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  • Stephen D'Agostino

Reading Celebrates the Season With 3 Events On Saturday

Last Friday, I was on the coast of Maine. It was a bright, blustery day with not even a hint that a flake of snow had hit the ground in the past month. Whether it was out of a sense of curiosity or solidarity with someone shopping for snowshoes, a winter sports enthusiast asked me if we’d had any snow yet in Vermont. I told him not much. I also made the bold prediction that this winter would not be a bad one.

So, of course, I am writing this with snow piling up outside in what will be our first significant storm of the season. At least it waited until December. Unlike last year. Or the year before. Is this the beginning of a snowy winter? I’m not making predictions. Given my track record, I’d be wrong anyway.

The snow on the ground will add to the festive atmosphere for the events happening around town this Saturday, December 7. Take a moment to dig out your calendar or your phone and write down these happenings! I’ll wait.

Good, you’re back! Start the day by shopping for local, handmade quality crafts at the Fourth Annual Reading Holiday Craft Fair, sponsored by the Reading Historical Society. It runs from 9am to 2pm at Reading Town Hall (799 VT Route 106). Here you can find, woodworking, jewelry, décor for the home, holiday, and garden, herbal teas, soap, Vermont photography gifts, folk art, braided rugs, handbags, and more!

Also at the event, the RHS will be drawing the winner of the table handmade and donated by Jim Bennett. The table is made from reclaimed butter nut wood, which came from the Hunt’s logging operation. It is truly locally made. Tickets for the raffle are $5 each or 5 for $20 and will be on sale at the craft fair.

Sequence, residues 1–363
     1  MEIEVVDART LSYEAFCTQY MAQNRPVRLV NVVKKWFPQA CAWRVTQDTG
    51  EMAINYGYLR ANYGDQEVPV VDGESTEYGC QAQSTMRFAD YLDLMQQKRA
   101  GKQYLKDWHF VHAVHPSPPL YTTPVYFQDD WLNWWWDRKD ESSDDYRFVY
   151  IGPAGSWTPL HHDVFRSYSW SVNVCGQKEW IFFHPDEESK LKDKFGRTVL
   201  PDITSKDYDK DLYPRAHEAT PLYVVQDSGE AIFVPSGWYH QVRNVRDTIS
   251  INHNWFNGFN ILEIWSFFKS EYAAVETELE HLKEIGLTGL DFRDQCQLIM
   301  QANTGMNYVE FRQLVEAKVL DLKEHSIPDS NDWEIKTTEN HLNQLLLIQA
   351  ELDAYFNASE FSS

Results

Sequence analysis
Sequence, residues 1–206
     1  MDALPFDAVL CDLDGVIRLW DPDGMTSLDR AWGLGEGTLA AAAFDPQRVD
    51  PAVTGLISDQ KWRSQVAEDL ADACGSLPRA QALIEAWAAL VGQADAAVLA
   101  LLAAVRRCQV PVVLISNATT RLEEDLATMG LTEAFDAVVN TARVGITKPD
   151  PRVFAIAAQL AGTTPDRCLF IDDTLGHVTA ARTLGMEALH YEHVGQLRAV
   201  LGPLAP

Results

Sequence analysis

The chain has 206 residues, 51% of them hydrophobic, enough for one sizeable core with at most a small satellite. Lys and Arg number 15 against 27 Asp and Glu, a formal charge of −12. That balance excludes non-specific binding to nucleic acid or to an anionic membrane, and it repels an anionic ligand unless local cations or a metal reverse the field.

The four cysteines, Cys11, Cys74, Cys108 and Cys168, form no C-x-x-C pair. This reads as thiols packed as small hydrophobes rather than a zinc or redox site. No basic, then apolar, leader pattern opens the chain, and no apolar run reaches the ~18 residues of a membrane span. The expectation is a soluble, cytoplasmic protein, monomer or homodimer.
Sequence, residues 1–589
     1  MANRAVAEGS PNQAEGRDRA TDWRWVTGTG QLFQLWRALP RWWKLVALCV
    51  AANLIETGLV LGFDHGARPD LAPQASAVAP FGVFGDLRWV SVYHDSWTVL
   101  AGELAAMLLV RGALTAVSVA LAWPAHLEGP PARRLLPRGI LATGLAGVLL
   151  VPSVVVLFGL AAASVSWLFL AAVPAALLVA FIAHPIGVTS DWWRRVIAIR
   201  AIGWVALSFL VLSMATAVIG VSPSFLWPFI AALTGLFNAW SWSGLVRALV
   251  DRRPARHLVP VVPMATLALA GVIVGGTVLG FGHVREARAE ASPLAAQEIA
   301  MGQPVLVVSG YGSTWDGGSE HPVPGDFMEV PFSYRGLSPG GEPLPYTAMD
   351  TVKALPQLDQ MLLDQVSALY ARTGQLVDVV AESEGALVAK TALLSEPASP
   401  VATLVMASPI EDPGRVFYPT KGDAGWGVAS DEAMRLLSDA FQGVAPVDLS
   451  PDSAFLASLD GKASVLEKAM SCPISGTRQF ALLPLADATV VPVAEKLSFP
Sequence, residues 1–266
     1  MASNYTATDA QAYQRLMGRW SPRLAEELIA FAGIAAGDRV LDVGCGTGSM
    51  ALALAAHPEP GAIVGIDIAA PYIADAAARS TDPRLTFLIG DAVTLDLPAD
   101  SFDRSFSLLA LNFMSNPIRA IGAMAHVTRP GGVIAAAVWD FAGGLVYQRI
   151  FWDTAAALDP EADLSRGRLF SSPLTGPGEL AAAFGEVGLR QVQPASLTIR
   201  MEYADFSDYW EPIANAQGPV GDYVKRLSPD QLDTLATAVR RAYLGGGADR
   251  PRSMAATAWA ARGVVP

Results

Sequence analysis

Also for sale at the craft fair are breakfast and lunch foods. So not only can you do some holiday shopping for unique one-of-a-kind gifts, but you can also enjoy a meal with your friends and neighbors.

After you eat or while you are waiting to learn if you won the table, take a stroll down the street to the Reading Public Library and buy a wreath for your front door at the Second Annual Wreath Sale. Undecorated wreaths are $18, and decorated wreaths are $25. Proceeds benefit the Reading Green Spaces Committee, which is working to beautify Puddledock Park, located right next to the library. The wreath sale runs from 10am to 1pm.

The said park undergoing beautification is the location of the big day’s final event—the Third Annual Holiday Tree Lighting. There will be caroling, delicious hot drinks and cookies, a warm fire, and a visit from Santa Claus! The tree lighting happens at 6:30pm. This festive finale is sponsored by the Reading Recreation Commission and the Reading Public Library.

Last week, I wrote about the huge success of the PTO Pie Sale. The event was designed to make it easy for someone to take a couple of minutes out of their busy schedule—just days before Thanksgiving—to drop by and purchase a pie or two. Sure, we chit-chatted with the customers, but it was definitely a transactional experience. It was also a community experience.

Being fundraisers, two of the three events happening on Saturday revolve around transactions, and one—the wreath sale—is very similar to the Pie Sale in its ease. Still, all three are community experiences. At the craft fair, you are invited to linger with friends over coffee. Perhaps you and a friend or you and a stranger will discuss the different fragrances of bars of soap. Maybe you’ll strike up a conversation about knitting while poring over skeins of yarn. Perhaps you'll ask advice on what would be the perfect piece of jewelry for a friend. At the tree lighting, you are invited—encouraged, actually—to lend your voice to a community sing-along of carols.

When you leave these events, whether you bought a gift or wreath or sang a few bars of “Frosty the Snowman,” I hope you will feel a bit of community spirit to go along with the holiday spirit! I know I will. On Sunday, with these events behind me (us), I know I will be excited and full of anticipation for upcoming holiday celebrations. I will also be filled with a great sense of pride in our town.

I wrote last week’s column on the road, so I didn’t have my calendar on hand to see who was celebrating in the coming week. So belatedly, I wish happy birthday to Jane Blanchard (December 1), Nathaniel Jenne, Sr. (December 2), Zoe Marletta (December 2), and Robby Macri (December 4).

Right on time, here are celebratory wishes for the coming week. Happy birthday, Dominic Lord (December 5). Happy anniversary to Walter and Mary-Jane Wilkins (December 7).

That's the news from Reading. See you next week!

This column originally appeared in The Vermont Standard on December 5, 2019.

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